Teen identity and wellness
“One of the best things about being a counselor for teens is getting to witness and help with my clients’ identity development process,” says Olivia Sanders ’10, who works at a community mental health center in Burlington, Vermont. “I love helping young folks to gain awareness of themselves, their values, and who they want to be in the world, as well as find communities where they feel loved and supported.”
Olivia’s Plan of Concentration focused on adolescent identity development and gender studies and continues to directly and positively relate to her work. “My Plan not only influences my daily clinical practice but set me up with an in-depth and complex foundation in psychology that exceeded other undergraduate programs,” says Olivia. After completing a graduate degree at University of Vermont’s clinical mental health counseling program, she was immediately hired for her current position.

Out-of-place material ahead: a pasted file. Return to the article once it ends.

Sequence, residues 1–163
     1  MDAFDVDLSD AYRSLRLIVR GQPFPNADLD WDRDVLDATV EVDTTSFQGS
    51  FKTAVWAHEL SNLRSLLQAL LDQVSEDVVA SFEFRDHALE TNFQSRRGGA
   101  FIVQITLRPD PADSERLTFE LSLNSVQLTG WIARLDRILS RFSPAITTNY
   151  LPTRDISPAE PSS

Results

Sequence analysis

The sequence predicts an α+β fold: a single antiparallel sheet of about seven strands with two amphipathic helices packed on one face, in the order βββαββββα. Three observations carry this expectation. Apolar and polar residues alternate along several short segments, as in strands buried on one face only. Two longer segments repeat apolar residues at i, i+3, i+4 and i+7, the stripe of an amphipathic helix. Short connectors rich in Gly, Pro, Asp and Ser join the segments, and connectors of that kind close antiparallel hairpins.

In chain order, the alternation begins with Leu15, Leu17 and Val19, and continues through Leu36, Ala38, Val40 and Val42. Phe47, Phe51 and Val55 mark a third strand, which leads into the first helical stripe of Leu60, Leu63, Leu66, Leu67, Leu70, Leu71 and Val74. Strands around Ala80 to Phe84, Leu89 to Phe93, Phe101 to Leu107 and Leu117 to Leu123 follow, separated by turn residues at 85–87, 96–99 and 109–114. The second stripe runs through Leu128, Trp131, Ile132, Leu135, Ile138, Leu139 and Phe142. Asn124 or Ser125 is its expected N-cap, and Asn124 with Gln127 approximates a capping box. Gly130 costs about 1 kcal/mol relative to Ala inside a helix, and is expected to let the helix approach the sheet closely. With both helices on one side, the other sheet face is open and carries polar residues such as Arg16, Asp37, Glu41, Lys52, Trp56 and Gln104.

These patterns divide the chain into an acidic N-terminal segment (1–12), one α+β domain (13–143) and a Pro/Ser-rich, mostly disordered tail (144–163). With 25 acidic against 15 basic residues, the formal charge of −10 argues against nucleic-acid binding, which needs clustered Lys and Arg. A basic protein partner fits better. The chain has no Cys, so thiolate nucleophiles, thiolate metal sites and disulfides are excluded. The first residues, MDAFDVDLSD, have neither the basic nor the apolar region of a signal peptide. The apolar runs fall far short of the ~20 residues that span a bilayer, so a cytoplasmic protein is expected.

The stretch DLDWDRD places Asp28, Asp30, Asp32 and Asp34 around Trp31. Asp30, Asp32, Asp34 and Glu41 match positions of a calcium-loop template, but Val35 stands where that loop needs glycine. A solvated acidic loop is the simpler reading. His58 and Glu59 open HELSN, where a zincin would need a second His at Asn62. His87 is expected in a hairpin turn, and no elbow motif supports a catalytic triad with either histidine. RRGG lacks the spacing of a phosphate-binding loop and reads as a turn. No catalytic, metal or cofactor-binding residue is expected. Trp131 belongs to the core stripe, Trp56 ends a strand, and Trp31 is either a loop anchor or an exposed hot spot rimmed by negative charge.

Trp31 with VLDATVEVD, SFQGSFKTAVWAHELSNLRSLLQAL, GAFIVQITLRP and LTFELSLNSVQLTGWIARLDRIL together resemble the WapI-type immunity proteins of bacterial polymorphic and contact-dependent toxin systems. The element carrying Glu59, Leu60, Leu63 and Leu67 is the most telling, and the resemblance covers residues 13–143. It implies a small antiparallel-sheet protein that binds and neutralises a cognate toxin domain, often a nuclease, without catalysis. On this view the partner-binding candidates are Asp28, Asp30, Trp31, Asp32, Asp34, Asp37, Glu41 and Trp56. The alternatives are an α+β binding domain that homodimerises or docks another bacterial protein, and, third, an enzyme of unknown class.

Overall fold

“I primarily work with young people who are struggling with trauma, substance abuse, depression, anxiety, and/or navigating identity development,” says Olivia. “I have a particular interest in bringing sexuality, social justice, and sociocultural aspects of identity development into my work, exploring issues of power and oppression, and making sense of the world my clients live in. This looks like conversations about consent and communication with partners, or having a space to talk about their thoughts and feelings about school shootings or racism in their schools.”